When I look at a client with a serious problem, I tackle two aspects: (a) get the person out of pain; and (b) help him or her to become as biomechanically efficient as possible. I spend much more time on the cadillac than the reformer, because the cadillac is the main piece of rehab equipment. Once I get someone to become efficient [with the movement patterns], the client can go to “the gym,” another program I offer at my studio. The gym is for these special-needs clients who cannot afford to continue with three private lessons per week. Once these clients can work independently, they “join” the gym. Each person has his or her own routine, but everyone trains at the same time under an instructor’s supervision.
I've trained three other teachers to work this way. Clients pay a fixed monthly fee, and they can participate in any of the 7 hours per week that the studio offers as “the gym.” They also get 30 additional minutes of private time with a trainer to upgrade their program as needed. It’s a very successful way to deal with people with issues, because they take responsibility for their own well-being and they are absolutely faithful [to their program]. I have some people in this program who have been training at the studio for years.
How do you adapt your method of teaching to older adults?
Regarding older clients, we need to understand the aging process. Eve and I were always fascinated with neuroscience—the way the brain communicates with the body. Aging has an incredible effect on our sensory perceptions—vision, hearing, taste and smell, our pain response, our vestibular system and our kinesthetic sense. All of these changes are positively affected by exercise. It strengthens bone, muscle, connective tissue, our mental alertness and emotional stability.
The two most important things we need are to stay strong and to keep our balance. I do a lot more standing work with older adults that you would not see in a typical Pilates workout. I also carefully observe my clients and teach according to their ability to understand. For example, what I see in younger instructors is that they don’t adjust their teaching to serve these changes [that occur with aging]. They don’t observe that a client doesn’t hear them out of his left ear and that he needs more time to process instructions and to pay attention to his movements. Trainers need to use different language for older clients, to focus their attention differently. A person can really absorb only one correction at a time. If the trainer structures the routine and picks the appropriate exercise for the client’s level, the client is not going to get hurt. With experience, as you observe someone, you give them [just] one cue to think about, such as ‘Don’t roll your knees in.’ This one cue will correct many things that are going on with that person.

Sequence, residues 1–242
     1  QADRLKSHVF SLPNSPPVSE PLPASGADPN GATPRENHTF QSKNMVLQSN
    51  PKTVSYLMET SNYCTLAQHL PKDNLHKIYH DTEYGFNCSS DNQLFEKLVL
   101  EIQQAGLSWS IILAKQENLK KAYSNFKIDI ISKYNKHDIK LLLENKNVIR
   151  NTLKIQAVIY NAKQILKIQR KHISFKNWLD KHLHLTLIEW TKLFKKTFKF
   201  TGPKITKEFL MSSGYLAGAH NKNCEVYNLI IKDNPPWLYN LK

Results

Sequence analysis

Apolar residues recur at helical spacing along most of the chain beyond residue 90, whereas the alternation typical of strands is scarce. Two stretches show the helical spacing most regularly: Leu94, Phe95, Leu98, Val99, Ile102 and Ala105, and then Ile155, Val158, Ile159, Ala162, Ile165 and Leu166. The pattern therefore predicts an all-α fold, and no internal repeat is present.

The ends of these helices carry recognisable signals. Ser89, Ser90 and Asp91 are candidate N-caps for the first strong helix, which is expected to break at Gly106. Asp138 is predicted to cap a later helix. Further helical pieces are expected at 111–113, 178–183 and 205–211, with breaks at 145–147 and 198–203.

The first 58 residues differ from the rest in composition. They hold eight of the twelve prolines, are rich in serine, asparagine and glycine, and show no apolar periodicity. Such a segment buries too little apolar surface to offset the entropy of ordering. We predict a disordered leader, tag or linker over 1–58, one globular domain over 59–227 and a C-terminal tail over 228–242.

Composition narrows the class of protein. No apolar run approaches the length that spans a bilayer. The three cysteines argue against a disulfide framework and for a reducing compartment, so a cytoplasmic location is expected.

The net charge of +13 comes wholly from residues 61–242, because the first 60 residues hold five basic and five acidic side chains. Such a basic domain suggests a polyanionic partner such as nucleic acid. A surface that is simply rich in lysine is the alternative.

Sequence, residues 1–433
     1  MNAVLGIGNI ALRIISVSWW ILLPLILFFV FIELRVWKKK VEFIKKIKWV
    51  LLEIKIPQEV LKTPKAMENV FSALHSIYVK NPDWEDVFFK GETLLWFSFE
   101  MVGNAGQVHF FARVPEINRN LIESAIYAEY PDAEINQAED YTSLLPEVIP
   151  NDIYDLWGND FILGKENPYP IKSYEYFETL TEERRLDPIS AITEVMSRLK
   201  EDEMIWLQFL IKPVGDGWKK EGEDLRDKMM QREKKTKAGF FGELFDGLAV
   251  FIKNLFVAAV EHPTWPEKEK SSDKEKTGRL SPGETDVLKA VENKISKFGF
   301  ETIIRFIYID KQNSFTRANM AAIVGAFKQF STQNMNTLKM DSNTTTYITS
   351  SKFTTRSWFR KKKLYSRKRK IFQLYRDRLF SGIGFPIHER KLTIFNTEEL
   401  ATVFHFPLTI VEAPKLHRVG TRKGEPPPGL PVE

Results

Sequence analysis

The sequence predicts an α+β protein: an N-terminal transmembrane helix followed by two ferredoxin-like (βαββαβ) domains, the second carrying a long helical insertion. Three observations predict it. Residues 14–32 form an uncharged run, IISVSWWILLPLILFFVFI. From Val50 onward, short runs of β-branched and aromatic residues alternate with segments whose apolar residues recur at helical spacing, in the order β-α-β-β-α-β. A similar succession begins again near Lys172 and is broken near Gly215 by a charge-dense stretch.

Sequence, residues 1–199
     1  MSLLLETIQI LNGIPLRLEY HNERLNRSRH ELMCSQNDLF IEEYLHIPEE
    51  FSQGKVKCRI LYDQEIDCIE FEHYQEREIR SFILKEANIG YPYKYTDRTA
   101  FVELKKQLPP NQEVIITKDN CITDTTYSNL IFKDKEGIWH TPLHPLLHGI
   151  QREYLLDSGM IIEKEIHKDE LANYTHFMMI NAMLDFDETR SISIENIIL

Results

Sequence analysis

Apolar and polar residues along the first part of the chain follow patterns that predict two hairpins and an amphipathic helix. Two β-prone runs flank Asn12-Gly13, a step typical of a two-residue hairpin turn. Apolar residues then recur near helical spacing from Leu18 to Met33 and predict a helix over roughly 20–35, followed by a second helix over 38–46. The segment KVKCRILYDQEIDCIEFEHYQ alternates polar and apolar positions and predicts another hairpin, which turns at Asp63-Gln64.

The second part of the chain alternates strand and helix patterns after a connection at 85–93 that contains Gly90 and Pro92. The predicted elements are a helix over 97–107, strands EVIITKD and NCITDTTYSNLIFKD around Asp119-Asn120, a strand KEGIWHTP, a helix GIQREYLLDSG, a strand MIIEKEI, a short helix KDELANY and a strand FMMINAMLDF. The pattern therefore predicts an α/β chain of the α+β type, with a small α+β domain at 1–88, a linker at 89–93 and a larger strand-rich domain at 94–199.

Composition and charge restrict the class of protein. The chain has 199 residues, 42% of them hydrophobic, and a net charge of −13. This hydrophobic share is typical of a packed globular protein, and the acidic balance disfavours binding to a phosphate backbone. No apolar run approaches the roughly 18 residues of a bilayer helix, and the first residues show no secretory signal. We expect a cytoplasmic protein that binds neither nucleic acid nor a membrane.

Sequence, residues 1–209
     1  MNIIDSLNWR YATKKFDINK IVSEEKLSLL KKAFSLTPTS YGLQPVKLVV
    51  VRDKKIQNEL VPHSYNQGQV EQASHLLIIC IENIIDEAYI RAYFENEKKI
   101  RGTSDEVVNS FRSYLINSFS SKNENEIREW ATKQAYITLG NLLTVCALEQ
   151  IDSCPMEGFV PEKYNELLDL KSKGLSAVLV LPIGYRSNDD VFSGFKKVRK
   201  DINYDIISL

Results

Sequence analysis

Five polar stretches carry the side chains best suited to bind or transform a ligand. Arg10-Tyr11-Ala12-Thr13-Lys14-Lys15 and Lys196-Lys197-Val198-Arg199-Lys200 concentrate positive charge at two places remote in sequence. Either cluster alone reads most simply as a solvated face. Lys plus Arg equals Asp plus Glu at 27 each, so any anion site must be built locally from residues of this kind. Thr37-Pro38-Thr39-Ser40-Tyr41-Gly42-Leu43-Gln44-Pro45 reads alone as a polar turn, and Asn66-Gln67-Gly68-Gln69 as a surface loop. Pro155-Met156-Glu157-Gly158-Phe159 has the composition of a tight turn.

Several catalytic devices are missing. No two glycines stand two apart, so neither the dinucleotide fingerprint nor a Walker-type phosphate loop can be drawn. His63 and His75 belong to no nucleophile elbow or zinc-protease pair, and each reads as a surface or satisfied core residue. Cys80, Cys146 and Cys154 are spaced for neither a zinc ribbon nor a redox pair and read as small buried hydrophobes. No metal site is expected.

What other tips would you offer to new instructors working with older adults?
Don’t be afraid to challenge older people, to use enough weight, to offer difficult exercises. Clients should have to work. You need to challenge balance. For example, I do use a ball with older adults, and I do use chair exercises. They can do it. Especially, one-legged standing moves on the chair—it’s so good for people.
Anything else that you would like to add?
I’ve seen a lot of fabulous Pilates teachers coming out of different training programs. We need to be open-minded and continue to work with different teachers and schools. To be a great trainer, you need a lot of training yourself, as well as good movement instincts. You must continue exploring movement. Everything you learn will help you with clients, especially those who have problems.